Hurricane Michael: Tips for updating your homeowners insurance after the storm

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Jeanine SkowronskiFormer Head of Content at PolicygeniusJeanine Skowronski is the former head of content at Policygenius in New York City. Her work has been featured in The Wall Street Journal, American Banker Magazine, Newsweek, Business Insider, Yahoo Finance, MSN, CNBC and more.

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Many Americans may have found themselves unable to purchase or update property insurance ahead of Hurricane Michael, the second major storm to hit the Southeast U.S. in the last 30 days.

Insurers issue "moratoriums" before a serious weather event, disallowing new policies or updates to existing policies as a means to stay in business.

If you're looking to update a policy once a moratorium in your area lifts or simply rethinking your homeowners insurance in the wake of this year's storms, here are the major coverage terms to consider.

1. Clarify what your policy considers a hurricane

Property insurance provides select coverage for certain perils — and what qualifies as a hurricane varies from state to state. Common deciding factors, or "triggers," in terms of hurricanes include:

  • The storm is given a name

  • A hurricane watch or warning is declared

  • The hurricane’s intensity is defined

Check with your agent or state insurance department to find out what constitutes a hurricane in your area. That information is instrumental in determining whether you need additional coverage.

2. See if you have a 'hurricane deductible'

Insurers in almost every Atlantic coastal state charge a special deductible for hurricane damage. A deductible is the amount of money you'll have to pay out of pocket before coverage kicks in. A hurricane deductible is a specific percentage you're expected to pay when one of the aforementioned "triggers" takes place.

You can find out if you have hurricane deductible — and, if so, how much it is — by checking your policy's declaration page. Certain states hold you to a set percentage. However, depending on your insurer and exact locale, you can sometimes pay higher monthly premiums in exchange for a lower fixed-price deductible.

3. Re-consider flood insurance

Homeowners insurance does not cover flooding. At all. You need a separate policy for that. Homes located in FEMA-designated high risk flood zone are required to carry flood insurance if a buyer wants to take out a federally backed mortgage. But it's become increasingly important for homeowners in hurricane-prone areas to look into flood insurance, even if they're not on an official flood plain. Otherwise, your insurer won't cover damage caused by storm-induced floods.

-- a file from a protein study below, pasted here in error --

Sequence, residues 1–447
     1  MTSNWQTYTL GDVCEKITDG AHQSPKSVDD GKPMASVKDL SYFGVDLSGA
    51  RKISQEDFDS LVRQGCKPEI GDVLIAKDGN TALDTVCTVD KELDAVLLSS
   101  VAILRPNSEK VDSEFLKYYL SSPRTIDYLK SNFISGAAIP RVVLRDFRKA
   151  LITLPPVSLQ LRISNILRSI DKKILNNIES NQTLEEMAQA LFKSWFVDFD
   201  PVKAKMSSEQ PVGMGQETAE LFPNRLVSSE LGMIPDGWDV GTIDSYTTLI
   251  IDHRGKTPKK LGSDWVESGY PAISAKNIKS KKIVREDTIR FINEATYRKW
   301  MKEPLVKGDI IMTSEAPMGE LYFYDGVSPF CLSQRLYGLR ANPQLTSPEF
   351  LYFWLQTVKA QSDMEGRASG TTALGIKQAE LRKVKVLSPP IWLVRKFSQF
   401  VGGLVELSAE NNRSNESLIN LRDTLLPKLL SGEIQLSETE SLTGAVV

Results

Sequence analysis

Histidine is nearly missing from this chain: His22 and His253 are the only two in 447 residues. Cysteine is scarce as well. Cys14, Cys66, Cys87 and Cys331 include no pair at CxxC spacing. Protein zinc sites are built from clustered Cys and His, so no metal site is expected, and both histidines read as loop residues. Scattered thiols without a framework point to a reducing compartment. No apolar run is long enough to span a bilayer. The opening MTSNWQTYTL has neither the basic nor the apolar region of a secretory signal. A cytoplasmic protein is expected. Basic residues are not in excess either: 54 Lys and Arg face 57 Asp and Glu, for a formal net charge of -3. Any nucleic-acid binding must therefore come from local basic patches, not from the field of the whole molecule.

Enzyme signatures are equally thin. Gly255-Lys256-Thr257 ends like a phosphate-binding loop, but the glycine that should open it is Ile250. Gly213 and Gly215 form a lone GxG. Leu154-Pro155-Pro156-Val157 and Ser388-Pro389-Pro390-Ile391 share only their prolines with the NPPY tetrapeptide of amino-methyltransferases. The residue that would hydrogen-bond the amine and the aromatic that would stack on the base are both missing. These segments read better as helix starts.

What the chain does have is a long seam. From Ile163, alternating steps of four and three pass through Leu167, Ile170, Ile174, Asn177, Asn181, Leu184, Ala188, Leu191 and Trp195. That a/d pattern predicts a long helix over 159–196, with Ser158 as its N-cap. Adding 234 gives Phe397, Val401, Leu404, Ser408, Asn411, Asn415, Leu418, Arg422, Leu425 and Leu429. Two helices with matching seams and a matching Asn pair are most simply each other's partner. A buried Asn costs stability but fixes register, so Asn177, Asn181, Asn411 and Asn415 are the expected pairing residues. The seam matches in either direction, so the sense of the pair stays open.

Flood insurance is managed by the National Flood Insurance Program through FEMA. You can use its Flood Map Service Center to assess your current risk. Meanwhile, we can help you compare homeowners and flood insurance quotes, if you need more coverage or are looking for a new policy.

4. Look into other supplemental coverage

The following coverage is generally excluded from standard homeowners policies, but worth considering if you live in a hurricane-prone or coastal area.

  • Windstorm coverage covers wind and hail damage from hurricanes. It can include dwelling coverage, personal property coverage and additional costs associated with building compliances and unforeseen construction cost increases in your area after a disaster.

  • Sewage backup insurance covers sewage overflow and subsequent water damage. It is usually added a rider to your standard policy.

5. Check if you're eligible for aid or discounts

Insurers sometimes offer discounts for being proactive and storm-proofing your house against powerful storms. That may include, but isn't limited to:

  • Storm shutters for your windows

  • Storm-proof shingles for your roof

  • Hurricane and wind resistant garage doors

  • Storm and impact resistant windows and doors

  • Shut-off valves for plumbing and irrigation systems

Certain coastal areas also have financial programs for people who can’t afford coverage. Texas and Mississippi, along with a handful of other coastal states, offer programs for people who have been denied adequate Hurricane coverage by private insurers.

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